European markets started off on a quiet note with thin volumes as equities drifted lower and fixed income gradually made gains, however newsflow rapidly picked up as commentary from the ECB President Draghi picked up wide attention. The ECB President was very upbeat on the Eurozone’s future, commenting that the bank will do whatever is needed to preserve the Euro, fuelling the asset classes with risk appetite across the board. European equities as well as the single currency erased all losses and the Bund moved solidly into negative territory. As such, EUR/USD is seen comfortably back above 1.2200, with both the core and peripheral bourses making progress. In the wake of the moves, attention is particularly being paid to Draghi’s comment that if monetary policy transmission is affected by government borrowing, it would come within the bank’s policy mandate. As such, much of the focus now lies firmly on next week’s policy decision from the ECB.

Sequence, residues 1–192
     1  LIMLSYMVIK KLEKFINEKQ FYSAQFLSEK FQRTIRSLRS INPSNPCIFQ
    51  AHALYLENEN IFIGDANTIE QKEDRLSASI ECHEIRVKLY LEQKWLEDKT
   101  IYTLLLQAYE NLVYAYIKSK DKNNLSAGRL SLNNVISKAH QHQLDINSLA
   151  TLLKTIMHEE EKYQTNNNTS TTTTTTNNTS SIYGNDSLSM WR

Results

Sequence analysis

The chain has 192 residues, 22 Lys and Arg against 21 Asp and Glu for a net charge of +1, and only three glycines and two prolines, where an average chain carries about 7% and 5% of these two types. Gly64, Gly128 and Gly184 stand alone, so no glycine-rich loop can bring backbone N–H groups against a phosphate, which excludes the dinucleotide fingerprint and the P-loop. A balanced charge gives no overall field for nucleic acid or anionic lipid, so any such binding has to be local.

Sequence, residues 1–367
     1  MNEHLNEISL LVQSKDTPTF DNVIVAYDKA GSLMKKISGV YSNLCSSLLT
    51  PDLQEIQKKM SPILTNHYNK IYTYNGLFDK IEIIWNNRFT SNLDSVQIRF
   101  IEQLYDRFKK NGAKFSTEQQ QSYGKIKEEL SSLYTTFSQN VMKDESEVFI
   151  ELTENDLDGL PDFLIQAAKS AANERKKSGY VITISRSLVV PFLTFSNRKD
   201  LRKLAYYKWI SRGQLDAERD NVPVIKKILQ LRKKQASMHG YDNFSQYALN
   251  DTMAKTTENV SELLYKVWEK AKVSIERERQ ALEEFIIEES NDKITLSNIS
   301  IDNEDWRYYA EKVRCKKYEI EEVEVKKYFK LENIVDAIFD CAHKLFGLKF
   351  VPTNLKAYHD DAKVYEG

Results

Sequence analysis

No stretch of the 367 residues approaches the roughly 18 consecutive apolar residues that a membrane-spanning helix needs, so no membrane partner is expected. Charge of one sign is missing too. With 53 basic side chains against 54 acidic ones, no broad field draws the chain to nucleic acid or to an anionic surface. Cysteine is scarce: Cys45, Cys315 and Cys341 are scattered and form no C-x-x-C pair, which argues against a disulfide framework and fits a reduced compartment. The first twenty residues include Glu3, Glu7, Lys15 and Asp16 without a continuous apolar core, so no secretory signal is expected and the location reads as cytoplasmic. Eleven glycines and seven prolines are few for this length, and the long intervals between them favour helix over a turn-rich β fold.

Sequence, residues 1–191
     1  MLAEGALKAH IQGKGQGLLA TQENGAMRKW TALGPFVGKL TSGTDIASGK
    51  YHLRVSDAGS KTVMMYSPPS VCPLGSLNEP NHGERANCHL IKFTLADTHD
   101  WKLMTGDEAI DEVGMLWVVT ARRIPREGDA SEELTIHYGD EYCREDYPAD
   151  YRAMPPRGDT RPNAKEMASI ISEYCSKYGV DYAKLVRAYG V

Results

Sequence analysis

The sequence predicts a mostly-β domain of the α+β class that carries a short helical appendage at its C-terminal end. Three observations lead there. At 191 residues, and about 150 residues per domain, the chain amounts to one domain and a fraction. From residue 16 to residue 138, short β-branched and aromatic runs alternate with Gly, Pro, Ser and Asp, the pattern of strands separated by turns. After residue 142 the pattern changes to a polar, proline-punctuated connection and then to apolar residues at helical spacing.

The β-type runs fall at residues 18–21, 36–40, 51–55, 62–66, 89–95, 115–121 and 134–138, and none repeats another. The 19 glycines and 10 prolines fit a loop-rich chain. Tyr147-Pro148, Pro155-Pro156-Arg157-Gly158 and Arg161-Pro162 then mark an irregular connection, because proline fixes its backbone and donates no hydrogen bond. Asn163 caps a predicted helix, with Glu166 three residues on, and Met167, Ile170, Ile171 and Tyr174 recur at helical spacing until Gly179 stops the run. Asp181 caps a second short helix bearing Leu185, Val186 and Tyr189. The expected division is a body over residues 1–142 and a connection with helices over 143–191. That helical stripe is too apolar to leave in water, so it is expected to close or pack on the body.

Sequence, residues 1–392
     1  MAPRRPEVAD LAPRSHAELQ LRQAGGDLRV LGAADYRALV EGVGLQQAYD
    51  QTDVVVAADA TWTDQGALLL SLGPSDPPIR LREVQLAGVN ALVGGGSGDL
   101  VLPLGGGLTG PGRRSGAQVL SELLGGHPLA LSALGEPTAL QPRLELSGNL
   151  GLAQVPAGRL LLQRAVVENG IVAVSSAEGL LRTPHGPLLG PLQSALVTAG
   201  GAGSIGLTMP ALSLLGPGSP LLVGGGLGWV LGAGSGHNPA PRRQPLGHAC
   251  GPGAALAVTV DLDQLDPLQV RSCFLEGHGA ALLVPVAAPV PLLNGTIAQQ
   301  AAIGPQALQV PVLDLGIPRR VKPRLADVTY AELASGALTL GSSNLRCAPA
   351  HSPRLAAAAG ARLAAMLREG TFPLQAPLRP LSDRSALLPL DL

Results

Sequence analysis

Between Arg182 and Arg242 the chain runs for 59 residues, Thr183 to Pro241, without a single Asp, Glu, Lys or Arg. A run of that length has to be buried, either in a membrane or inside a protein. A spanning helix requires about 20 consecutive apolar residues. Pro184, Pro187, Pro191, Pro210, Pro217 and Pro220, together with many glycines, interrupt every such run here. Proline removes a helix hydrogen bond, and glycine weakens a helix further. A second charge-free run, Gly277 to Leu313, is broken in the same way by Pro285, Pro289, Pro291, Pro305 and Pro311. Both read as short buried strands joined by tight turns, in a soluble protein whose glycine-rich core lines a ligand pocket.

The kneejerk short covering reaction to Draghi's remark that he will do "anything to preserve the euro" (this must be news because yesterday the ECB would not do anything to preserve the euro supposedly) is over. Now the analysis begins of what was actually said. The realization is... nothing.